In response to the COVID-19 pandemic, the California Office of Governor and the City of San Diego have each recently passed authority which will impact many landlords and tenants today, April 1, 2020.
On March 25, 2020, the City of San Diego passed Ordinance Number 21177 which placed a moratorium on evictions (both residential and commercial) on the basis of non-payment of rent, if such non-payment is a result of a substantial decrease in the tenant’s income or a result of the tenant incurring substantial out of pocket medical expenses due to COVID-19. The San Diego Ordinance provides that if a tenant declares in writing, on or before the date the tenant’s rent comes due, that the tenant cannot pay all or part of their rent due to COVID -19, then the landlord cannot evict that tenant or charge late fees between March 12, 2020 through May 31, 2020. Thus, if a tenant in San Diego is required to pay rent on April 1, 2020, then according to the San Diego Ordinance, the tenant must provide the non-payment notice to its landlord, today. The tenant may send the non-payment notice to the landlord by letter, email or text message. Under the San Diego Ordinance, the tenant is required to provide documentation to the landlord to prove they are unable to pay rent due to financial impacts of COVID -19 within one week of sending the above non-payment notice. If the tenant fails to provide this evidence to the landlord within this 7 day period, the landlord is permitted to move forward with evicting the tenant. If a tenant timely complies with the written notice and documentation requirements of the San Diego Ordinance, the tenant will have up to 6 months from March 25, 2020 to pay back the unpaid rent to the landlord. The San Diego Ordinance provides a sample list of applicable financial impacts of COVID-19 including loss of job, business closure, loss of wages, etc.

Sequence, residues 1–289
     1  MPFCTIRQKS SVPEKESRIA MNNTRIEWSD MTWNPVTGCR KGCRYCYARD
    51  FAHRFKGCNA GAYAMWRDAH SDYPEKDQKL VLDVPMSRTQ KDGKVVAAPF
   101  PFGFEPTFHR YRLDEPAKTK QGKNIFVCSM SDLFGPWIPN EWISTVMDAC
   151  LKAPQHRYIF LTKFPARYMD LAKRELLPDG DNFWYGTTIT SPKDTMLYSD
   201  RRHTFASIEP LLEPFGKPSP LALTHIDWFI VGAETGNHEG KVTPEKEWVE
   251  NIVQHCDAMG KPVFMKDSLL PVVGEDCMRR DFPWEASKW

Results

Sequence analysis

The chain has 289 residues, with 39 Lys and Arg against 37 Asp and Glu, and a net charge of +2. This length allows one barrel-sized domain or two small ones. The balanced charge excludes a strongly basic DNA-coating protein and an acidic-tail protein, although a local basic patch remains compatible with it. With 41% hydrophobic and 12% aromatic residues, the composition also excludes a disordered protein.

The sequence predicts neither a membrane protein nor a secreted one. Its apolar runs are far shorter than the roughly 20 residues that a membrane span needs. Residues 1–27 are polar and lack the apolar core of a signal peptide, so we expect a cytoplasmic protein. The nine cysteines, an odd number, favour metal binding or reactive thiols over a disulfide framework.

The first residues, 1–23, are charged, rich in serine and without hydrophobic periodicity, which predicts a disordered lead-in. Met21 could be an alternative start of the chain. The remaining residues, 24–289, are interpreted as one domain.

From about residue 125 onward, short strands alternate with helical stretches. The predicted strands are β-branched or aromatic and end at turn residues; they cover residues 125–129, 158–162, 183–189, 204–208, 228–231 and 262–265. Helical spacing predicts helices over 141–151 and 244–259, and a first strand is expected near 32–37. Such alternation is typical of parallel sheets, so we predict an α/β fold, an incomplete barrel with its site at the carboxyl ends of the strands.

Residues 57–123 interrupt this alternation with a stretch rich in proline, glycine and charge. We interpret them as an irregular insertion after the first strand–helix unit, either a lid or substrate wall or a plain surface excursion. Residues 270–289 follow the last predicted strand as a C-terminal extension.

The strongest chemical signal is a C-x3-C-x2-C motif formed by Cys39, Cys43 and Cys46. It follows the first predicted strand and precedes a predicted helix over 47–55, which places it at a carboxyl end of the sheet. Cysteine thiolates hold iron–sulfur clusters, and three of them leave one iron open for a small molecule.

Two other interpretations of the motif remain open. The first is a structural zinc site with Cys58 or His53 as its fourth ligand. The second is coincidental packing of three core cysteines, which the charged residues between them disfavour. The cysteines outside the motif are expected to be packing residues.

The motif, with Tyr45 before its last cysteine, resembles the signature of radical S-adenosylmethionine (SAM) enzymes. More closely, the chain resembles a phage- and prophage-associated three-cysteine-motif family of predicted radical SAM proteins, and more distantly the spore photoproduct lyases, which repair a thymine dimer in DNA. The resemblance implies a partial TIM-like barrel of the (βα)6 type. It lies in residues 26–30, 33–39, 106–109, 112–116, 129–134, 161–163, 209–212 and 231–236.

On March 27, 2020, Governor Newsom expanded his original Executive Order N-28-20 regarding evictions. The new Executive Order N-37-20 bans evictions for residential renters affected by COVID-19 through May 31, 2020. The new Executive Order prohibits landlords from evicting residential tenants for non-payment of rent. It also requires tenants declare in writing, no more than seven days after the rent comes due, that the tenant cannot pay all or part of their rent due to COVID-19. Unlike the San Diego Ordinance discussed above the new Executive Order provides that a tenant would have until April 8, 2020 to provide notice of non-payment to its landlord for rent that is otherwise due on April 1, 2020. Under the new Executive Order, the tenant is required to retain documentation that proves the tenant is unable to pay rent due to the financial impacts of COVID-19, but the tenant is not required to submit it to the landlord in advance (instead, it must be submitted to landlord at the time back rent is paid). The new Executive Order provides that the tenant remains obligated to repay full rent in a timely manner and could still face eviction after the enforcement moratorium is lifted.
As highlighted above, the San Diego Ordinance is more onerous than the California Executive Order in both the timing of notification for non-payment of rent as well as the timing of providing the supporting financial documentation to the landlord. As a result, we may see more guidance on this point, but at this time San Diego landlords and tenants should follow the San Diego Ordinance provisions.
The attorneys at Higgs Fletcher & Mack are here to help both tenants and landlords comply with the state and local requirements. Please contact us for further guidance.